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'Answers blowing in the wind' 

WILMINGTON – Tensions were high Wednesday night as an audience of 50 residents and interested parties met in Memorial Hall to ask questions regarding the Searsburg and Readsboro wind project.

Neil Habig, a representative from PPM Energy, which is heading the project, was booed when he did not fully respond to various questions or provided answers that did not satisfy the crowd.

The information session panel was made up of Jim Matteau, director of Windham Regional Commission Executive, Rob McGregor of Fairwind Vermont, Sandy Wilbur of Vermont Energy and Conservancy and Habig.

The proposed project would include 17 wind turbines, each 408 feet tall, to produce alternative energy for the area. Matteau compared this to the Statue of Liberty’s 305 feet, but said that without the blade, the wind tower would be shorter than Lady Liberty.

There would be some lights required for the turbines due to their height, to protect low-flying aircraft.

While McGregor argued that he liked the site of the turbines, Wilmington resident Paul Kasanoff said the lights would be an issue, similar to a house a mile away from his with spot lights that he says have ruined his view of Vermont’s sunrises.

Kasanoff asked if the lights would be considered strobe lights, to which Habig responded that “conceptually, they’re not.” He compared it to a light on a cell phone tower, where there is “a flash and then the light is off for two seconds.” This appeared to anger and frustrate the crowd.

Resident Susan Haughwout said she’d heard rumors that the small turbines currently in place are no longer being made, meaning that if they stop working, they could be replaced by the tall ones, and a slippery slope would result in “the beginning of a much larger wind farm.”

Habig was unable to say for sure what would happen, but said that the company could have gone for a bigger project right now but did not find it suitable to its needs.

Resident Lynn Mathews was appalled that Habig did not know what classification the wind speed fell into. “This is something that I believe you should know,” she said.

“We know the wind speed, but I haven’t memorized the categories,” he said. “I would say that this is a very good site.” When asked for the information about the wind speed. Habig said he would not provide that.

He was similarly unable to provide information on whether the energy would be sold to local energy companies at a fixed rate. He said the company was “reviewing different terms” with Green Mountain Power.

However, Matteau said he believes the aesthetic issue “will carry the day. Wildlife impacts could.”

He said the project was in the area of a large bear habitat and would result in the removal of “495 bear-clawed beech trees.” This would be a debate, he said, since “the forest service owns the trees, but the state of Vermont owns the bears.”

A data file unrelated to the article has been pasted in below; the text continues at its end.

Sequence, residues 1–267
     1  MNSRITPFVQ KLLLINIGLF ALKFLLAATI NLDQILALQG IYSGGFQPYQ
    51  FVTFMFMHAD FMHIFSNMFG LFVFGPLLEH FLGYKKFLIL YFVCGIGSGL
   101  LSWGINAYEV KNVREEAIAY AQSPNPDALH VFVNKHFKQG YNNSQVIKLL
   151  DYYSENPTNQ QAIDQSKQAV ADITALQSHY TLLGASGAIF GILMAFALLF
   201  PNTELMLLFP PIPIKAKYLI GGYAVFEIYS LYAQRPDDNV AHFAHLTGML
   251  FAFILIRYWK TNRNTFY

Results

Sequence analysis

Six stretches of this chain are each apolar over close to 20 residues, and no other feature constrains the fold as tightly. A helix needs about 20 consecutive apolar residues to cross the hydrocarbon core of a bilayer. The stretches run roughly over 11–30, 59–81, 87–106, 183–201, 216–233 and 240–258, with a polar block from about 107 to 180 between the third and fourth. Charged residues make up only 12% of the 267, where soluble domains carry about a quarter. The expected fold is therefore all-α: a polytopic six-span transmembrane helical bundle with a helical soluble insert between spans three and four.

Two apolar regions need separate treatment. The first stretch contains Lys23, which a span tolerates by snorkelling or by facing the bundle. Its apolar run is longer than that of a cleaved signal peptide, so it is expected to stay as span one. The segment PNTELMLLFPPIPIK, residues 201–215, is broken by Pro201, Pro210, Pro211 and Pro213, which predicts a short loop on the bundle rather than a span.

Local resident Cliff Duncan said he was surprised Matteau was not more concerned about the environmental impacts that would occur if this kind of project, which he called “the tip of the iceberg of a lot more of the same.”

There was also a question of capacity. Matteau said that the smaller turbines in the area right now generate about 27 percent of their potential capacity, and the new, taller ones would generate roughly 33 percent. Coal, gas and oil, he added, put out about 90 percent.

It was a hot issue whether the wind farm would be able to compensate for Vermont Yankee’s production.

“Industrial wind can’t replace Yankee nuclear, but there are things that could,” Wilbur said. She suggested Vermonters work to reduce heating costs by starting a home insulation fund or deter pollution by taxing pollutants like cigarettes.

However, Matteau said, it is not an either/or discussion. “I don’t see us building any more big plants in Vermont. I don’t think big is beautiful in Vermont anymore, so I think we’re going to see a lot of small, dispersed projects.”

When VY’s license comes up for renewal in 2012, it is anyone’s guess what will happen. “Vermont Yankee’s future is unpredictable at best,” McGregor said. “It behooves us to make sure alternatives are in place.”

The town of Wilmington and WRC are both waiting for approval of party status for the project hearings. Even if they do not get it, Matteau said, he has found that the board that hears the projects thoroughly reads and considers all comments submitted by nonparty members.

Also, a second homeowner in Wilmington, Tony Lopez, said he’d made a Web site (www.clearskyVT.org) to allow anyone interested to keep up with the discussion.

By Nicole Orne
Staff Writer

Brattleboro Reformer

11 October 2007

This article is the work of the source indicated. Any opinions expressed in it are not necessarily those of National Wind Watch.

The copyright of this article resides with the author or publisher indicated. As part of its noncommercial educational effort to present the environmental, social, scientific, and economic issues of large-scale wind power development to a global audience seeking such information, National Wind Watch endeavors to observe “fair use” as provided for in section 107 of U.S. Copyright Law and similar “fair dealing” provisions of the copyright laws of other nations. Send requests to excerpt, general inquiries, and comments via e-mail.

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